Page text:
Private firms top probation bidders

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Published: Wednesday 29th October 2014 by The News Editor

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Two giant private firms are to be awarded a share of more than half of new Government contracts for supervising criminals in the community.

Sodexo Justice Services, part of the 11.7 billion euro (£9.2 billion) Sodexo group, has been named preferred bidder with charity Nacro for running probation services in six areas in England and Wales, while a partnership led by £850 million firm Interserve has been named for five other regions.

Geo Group UK, part of the multibillion-dollar Geo Group Inc, and multinational subsidiary Ingeus UK have also taken a share of a further two contracts.

Contracts have been split across so-called community rehabilitation companies (CRCs) in 20 English regions and one Welsh region, while the National Probation Service (NPS), a new public sector organisation, has been formed to deal with high-risk offenders.

Justice Secretary Chris Grayling said the changes would “redouble” efforts to bring down reoffending and stop people from becoming victims of crime.

But probation workers hit out at Mr Grayling for “pressing ahead with untried and untested” reforms.

Ian Lawrence, general secretary of the National Association of Probation Officers (Napo) union, which has been on strike twice in the last 12 months in opposition to the outsourcing plans, said: “It is purely ideological that Grayling is pressing ahead with his untried and untested so-called reforms to probation.

“We have mounting evidence that neither the CRCs nor the National Probation Service is stable at the moment and this is having a direct impact on the supervision of offenders and public safety.”

A package of £450 million worth of probation contracts was offered to private and voluntary-sector organisations, covering the supervision of 200,000 low and medium-risk offenders each year on a payment-by-results basis.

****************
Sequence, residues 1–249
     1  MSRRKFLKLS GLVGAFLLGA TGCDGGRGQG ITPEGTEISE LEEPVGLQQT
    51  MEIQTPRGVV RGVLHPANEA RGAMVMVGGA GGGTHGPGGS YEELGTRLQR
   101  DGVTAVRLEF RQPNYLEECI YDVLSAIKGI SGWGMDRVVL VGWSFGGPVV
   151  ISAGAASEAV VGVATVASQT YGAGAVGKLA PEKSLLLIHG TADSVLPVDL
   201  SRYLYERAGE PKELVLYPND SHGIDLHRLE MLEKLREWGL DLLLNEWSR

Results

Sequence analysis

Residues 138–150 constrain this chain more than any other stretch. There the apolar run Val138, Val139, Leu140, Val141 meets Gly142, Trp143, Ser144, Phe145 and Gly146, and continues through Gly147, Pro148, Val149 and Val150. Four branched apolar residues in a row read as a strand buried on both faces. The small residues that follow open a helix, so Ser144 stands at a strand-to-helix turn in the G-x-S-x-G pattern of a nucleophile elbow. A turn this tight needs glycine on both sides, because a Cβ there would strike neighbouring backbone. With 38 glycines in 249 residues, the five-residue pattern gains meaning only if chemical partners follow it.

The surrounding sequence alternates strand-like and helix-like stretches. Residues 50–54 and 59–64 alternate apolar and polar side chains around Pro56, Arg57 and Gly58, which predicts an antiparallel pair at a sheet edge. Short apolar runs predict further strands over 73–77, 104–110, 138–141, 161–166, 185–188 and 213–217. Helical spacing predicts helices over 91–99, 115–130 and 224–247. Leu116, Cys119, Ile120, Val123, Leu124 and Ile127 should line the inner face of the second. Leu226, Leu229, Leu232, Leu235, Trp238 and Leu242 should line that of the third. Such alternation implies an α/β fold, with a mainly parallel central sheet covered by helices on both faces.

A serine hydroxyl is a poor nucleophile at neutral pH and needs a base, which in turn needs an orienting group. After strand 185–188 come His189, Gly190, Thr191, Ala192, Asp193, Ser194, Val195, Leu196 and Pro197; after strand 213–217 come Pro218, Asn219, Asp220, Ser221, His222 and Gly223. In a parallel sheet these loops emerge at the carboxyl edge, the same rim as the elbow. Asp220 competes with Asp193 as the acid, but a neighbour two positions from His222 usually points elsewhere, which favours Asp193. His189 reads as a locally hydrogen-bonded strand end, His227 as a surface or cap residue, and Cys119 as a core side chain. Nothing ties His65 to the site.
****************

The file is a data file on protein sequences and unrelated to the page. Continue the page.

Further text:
Twenty of the 21 contract areas will be led by new partnerships and joint ventures between private sector firms and rehabilitation charities. Kent, Surrey and Sussex is the only region to go to a single bidder.

Half of the partnerships chosen as preferred bidders also include “mutual” organisations set up by current probation staff to take over their own organisations.

The complete list of preferred bidders includes 16 charities and voluntary organisations, four probation staff mutuals and seven private companies.

The Justice Secretary said: “We cannot go on with a situation where thousands of prisoners are released onto the streets every year with no guidance or support, and are simply left to reoffend. These reforms will transform the way in which we tackle reoffending.”

He added: “This new approach will not just redouble our efforts to bring down reoffending. It will also prevent many more people from becoming victims of crime in the future.”

Earlier this year, the influential Public Accounts Committee (PAC) warned the probation reforms, which will also see prisoners serving less than 12 months receive rehabilitation for the first time, were ”complex and untested”.

A pilot of a payment-by-results scheme at HMP Peterborough earlier this year failed to hit its first target to reduce re-offending among 1,000 prisoners by 10%, although it was on course to meet a second target of slashing reoffending by 7.5% across a batch of 2,000 inmates.

Another pilot – at HMP Doncaster – surpassed its target of reducing its re-offending measure by 5%.

In addition to the preferred bidders, almost 1,000 organisations, including 700 listed as voluntary, community or social enterprise, have put themselves forward to work with the chosen providers.

The preferred bidder status of the companies listed above means that these are now the only suppliers with whom MoJ is in talks to arrange the contracts.

Providers are expected to be in place and delivering services early next year, after final contracts have been signed.

Shadow justice secretary Sadiq Khan said: “David Cameron’s Government is putting companies with little or no track record in criminal justice in charge of dangerous and violent offenders.

“There’s been no testing or piloting to see if this will work and won’t put the public’s safety at risk, and all of the concerns of Labour, experts and probation staff have been swatted away.”

Frances Crook, chief executive of the charity the Howard League for Penal Reform, said: ” As we expected, the big winner of the probation sell-off is not the voluntary sector but large private companies run for profit.

“The Ministry of Justice will claim it has created a diverse market, but Sodexo and Interserve are the companies running half of all the contracts.

“A public service is being destroyed without any evidence that the fragmented landscape created will perform any better or help make communities any safer.”

Published: Wednesday 29th October 2014 by The News Editor

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